Gazette Managing Editor Liz Sheaffer and her sometimes faithful companion, Abby, are participating in the Medina County Park District’s Trekking Through Autumn, a self-guided hiking program.
Deep in the heart of Princess Ledges Nature Preserve, the drumming was intermittent.
I knew its source, but couldn’t find the little drummer among the still heavy-leafed trees.
Just as I was about give up my search, I caught a flash of red. The downy woodpecker, a frequent visitor to my bird feeders and three sycamores at home, seemed to be playing a game of hide and seek.
It scooted up a mighty oak faster than a lumberjack in a tree-climbing contest. It flitted toward the back and around the front again as if toying with me.
Abby waited patiently by my side, possibly bored, although she’s used to me stopping to try to capture a nature scene on our Trekking Through Autumn adventures.
I attempted to snap a few pictures of the wily woodpecker, but it continued to mock my photography skills.
Defeated, we continued our trek on the aptly named Nature Trail where tree roots stretch across the somewhat difficult terrain that wends through thick woods.
We passed a birdhouse fashioned of hollowed-out wood and traveled across a wooden bridge, the 2004 Eagle Scout project of Paul Reed, Troop 411, Sharon Center.
The land for this nature preserve was subdivided in the early 20th century to create summer cottage lots and was known as the Strongsville Heights Allotment.
Park district literature notes that difficult financial times of the 1920s hampered sales of the lots, and sandstone just below the surface made development difficult.
The nature preserve got its name from the daughter the previous owners — Princess — who enjoyed playing on the sandstone ledges.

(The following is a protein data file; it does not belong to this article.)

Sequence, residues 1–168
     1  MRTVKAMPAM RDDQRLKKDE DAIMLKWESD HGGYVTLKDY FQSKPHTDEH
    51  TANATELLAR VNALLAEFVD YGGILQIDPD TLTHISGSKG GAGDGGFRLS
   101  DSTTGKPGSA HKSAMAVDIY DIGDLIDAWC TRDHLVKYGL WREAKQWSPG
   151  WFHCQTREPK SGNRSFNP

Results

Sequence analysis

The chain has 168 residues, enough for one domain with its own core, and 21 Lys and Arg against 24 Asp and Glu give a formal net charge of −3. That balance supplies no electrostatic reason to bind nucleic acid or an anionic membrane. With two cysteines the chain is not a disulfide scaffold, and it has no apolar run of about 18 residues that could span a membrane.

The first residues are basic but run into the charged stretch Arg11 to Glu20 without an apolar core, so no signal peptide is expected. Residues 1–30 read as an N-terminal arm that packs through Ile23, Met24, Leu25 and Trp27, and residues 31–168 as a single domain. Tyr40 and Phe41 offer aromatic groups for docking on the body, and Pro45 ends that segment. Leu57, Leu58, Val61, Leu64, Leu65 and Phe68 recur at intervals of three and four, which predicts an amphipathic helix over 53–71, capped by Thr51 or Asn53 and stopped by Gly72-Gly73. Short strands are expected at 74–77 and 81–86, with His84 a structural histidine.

In 1973, the park district started acquiring land for the nature preserve. More recently, the district collaborated with the Rocky River Watershed Council on a stormwater management project.
In 2010, park natural resource staff noted a severe erosion problem impacting one of the small spring-fed streams beneath the sandstone ledges.
An informational sign posted in front of a wetland that’s home to a wood duck house, explains how the project helped to correct erosion in the park caused by stormwater flowing unchecked out of a roadside ditch on Elm Avenue.
Stormwater in the ditch now is directed to the shallow wetland, which allows sediment and pollutants to settle out. This filtered water then is released across vegetated landscapes and into sensitive streams.
But this park is named for the ledges, which stretch about 1,100 feet across the nature preserve, and so Abby and I began our climb up the Ledge Trail. The terrain changed, became more rocky, and sandstone ledges, small at first, started appearing.
At the apex, water from spring-fed streams trickled from the rock formations crowned by vegetation.
I was stunned by the depth and beauty of the sandstone, and the knowledge that thousands of years ago these cliffs formed the shoreline of Lake Erie.
IF YOU WANT TO GO
The park is just north of Grafton Road on the west side of Pearl Road (U.S. Route 42) in Brunswick Hills Township. The park district advises visitors using the Apple iPhone maps app to find directions to Princess Ledges Nature Preserve, to type in the street address: 4361 Spruce Ave., Brunswick. Simply typing in the name of the preserve results in inaccurate directions to the entrance.
Trails: 1-mile Nature Trail and .54-mile Ledge Trail, which leads to the sandstone ledges.
Trees: oak and tulip poplars
Park amenities: sandstone ledges, scenic overlook and restrooms.
Contact Managing Editor Liz Sheaffer at email@example.com or (330) 721-4060.